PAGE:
What's Your Okayness?

 
 

I am a master overthinker. When it comes to over analyzing every word, thought or action, they should really give me a gold medal. For instance, I went out to dinner with a couple of friends last night. I can recount to you every embarrassing hand gesture, awkward comment, and all of the ways my outfit looked positively ridiculous. I often feel like my sense of negative awareness is so heightened that every nerve ending in my brain is splayed open for the world to touch and see.

During these times I can playback, with commentary, almost any social situation. To my great misfortune, the commentary rarely ever changes. I often imagine myself sitting on a park bench overlooking a lush green lawn, right next to a horrifying-looking demon. Its favorite pastime is replaying my life to me, children’s picture book style, with image after image of “You’re not good enough” and “My goodness! You’re embarrassing.” More often than not the demon’s story ends with a resounding, “No one will ever love you. How could they?”

Needless to say, the demon and I are not friends. I work really hard to paint it as a vile and ugly thing whose ultimate goal is to cause me unbearable pain. It slowly wears down my resolve, and suddenly I am no longer able to see the difference between my truth and its lies.

I know I am not alone in this experience. We’ve become so conditioned to see ourselves as less than that it’s no wonder we allow the demons to rule our brains and bodies.

While home, I was having a conversation with my mom, attempting to work through an issue that was completely outside of my control. It deeply impacted my sense of worth. As I was grasping for answers and validation, she looked at me and said, “What if everything in your life was just okay, what would happen?”

It caught me off guard because I had gotten so used to sitting on the park bench side by side with the demon while it analyzed and judged every text, word, thought, article of clothing. I could no longer trust making the right decisions. I’d become wrapped up in the demon’s version of the story that said I didn’t think I was okay and couldn’t even imagine what it would be like.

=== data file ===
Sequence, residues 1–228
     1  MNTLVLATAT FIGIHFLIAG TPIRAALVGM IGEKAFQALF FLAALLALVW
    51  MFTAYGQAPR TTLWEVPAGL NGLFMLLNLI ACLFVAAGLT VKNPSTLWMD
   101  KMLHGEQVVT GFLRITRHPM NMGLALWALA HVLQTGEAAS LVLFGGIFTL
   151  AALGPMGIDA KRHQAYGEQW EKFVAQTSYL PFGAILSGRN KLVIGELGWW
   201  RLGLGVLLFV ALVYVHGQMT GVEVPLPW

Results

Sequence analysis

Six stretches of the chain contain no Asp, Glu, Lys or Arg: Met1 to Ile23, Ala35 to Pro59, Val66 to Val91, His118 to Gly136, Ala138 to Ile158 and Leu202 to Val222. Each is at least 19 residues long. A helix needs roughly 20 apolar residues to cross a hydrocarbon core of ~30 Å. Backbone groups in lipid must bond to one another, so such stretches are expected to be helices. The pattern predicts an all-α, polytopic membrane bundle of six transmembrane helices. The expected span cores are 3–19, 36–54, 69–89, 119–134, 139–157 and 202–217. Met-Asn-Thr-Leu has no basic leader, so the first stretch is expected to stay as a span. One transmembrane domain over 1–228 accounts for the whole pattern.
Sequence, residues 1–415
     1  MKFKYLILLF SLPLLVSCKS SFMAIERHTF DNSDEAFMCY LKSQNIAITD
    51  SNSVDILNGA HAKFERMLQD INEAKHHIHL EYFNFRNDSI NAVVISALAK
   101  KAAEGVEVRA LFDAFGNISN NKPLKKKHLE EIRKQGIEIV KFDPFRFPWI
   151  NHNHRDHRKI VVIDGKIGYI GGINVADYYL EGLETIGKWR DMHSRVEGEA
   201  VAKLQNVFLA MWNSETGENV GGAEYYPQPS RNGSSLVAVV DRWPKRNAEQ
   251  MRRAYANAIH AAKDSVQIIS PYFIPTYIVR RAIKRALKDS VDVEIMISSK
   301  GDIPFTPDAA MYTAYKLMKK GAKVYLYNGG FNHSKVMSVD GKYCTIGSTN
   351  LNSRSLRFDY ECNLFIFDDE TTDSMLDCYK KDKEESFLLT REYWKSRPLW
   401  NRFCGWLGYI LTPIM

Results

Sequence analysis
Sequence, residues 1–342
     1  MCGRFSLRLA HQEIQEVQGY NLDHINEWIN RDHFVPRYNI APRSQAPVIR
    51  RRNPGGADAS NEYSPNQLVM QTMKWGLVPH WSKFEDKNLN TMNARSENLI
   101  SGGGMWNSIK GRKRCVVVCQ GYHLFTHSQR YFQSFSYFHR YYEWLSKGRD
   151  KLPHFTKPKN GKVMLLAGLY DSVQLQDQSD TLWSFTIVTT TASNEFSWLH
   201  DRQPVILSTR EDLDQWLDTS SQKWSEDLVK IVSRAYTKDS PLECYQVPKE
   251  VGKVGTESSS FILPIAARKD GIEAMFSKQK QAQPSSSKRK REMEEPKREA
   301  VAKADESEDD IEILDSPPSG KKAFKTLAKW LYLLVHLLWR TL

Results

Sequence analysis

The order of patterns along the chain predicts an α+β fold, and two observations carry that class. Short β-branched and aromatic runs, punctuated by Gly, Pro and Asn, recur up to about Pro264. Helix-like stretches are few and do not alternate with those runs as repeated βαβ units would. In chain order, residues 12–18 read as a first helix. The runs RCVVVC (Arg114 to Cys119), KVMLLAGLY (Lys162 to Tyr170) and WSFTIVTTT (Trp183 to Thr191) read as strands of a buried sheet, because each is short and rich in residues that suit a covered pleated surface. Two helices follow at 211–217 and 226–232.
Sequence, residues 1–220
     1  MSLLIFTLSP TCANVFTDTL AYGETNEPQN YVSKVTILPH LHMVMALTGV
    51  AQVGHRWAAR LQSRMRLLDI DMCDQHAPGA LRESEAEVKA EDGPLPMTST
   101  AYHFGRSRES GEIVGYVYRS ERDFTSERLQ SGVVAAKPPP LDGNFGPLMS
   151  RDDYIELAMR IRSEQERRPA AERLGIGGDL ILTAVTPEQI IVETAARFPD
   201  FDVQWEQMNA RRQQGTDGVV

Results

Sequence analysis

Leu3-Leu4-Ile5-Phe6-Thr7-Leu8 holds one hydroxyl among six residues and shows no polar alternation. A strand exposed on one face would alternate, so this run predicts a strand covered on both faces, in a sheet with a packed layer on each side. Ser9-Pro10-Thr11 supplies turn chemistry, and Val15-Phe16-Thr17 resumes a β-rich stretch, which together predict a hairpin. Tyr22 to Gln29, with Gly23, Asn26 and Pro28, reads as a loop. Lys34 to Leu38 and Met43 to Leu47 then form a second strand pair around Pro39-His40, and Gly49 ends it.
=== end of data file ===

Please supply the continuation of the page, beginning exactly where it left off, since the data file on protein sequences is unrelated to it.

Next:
My mom’s theory is that we are all perfect. At any given moment we are exactly where we are meant to be, learning exactly what we are meant to learn. To be okay would be to accept that I am not finished growing, learning, or becoming. To be okay would be to look the demon in the face and say I will embarrass myself, make dumb jokes, or wear unflattering clothes, but I am perfectly me.

To choose okayness is to recognize that these moments do not negatively define me.

The demon and I will continue to have some story time together. The story will play on repeat so loudly that the okayness will be drowned out. In these moments I will seek to recognize that I get to choose what okayness I allow the demon to take from me. I can choose to recognize and believe the truth about who I truly am. I get to choose what I am and what I am not by my own definition, not the demon’s.

Okayness allows us to turn to gratitude and love.

We’ve accepted the notion that nothing is finished, but everything is perfect. The demons, they don’t like it here, and I’m just fine with that.

The demon and I will continue to have story time together, and some days the story will play on repeat so loudly that the okayness will be drowned out. However, in these moments I will seek to recognize that I get to choose what I allow the demon to take from me, and that regardless of what it tells me, it is not me and it no longer gets to be.

To be okay is not to be alright with complacency, in fact, I believe it creates space for us to turn ourselves to gratitude and love, because we’ve accepted the notion that nothing is finished, but everything is perfect. The demons, they don’t like it here, and I’m just fine with that.

Written By Sierra Meszaros

 
Sunny Cain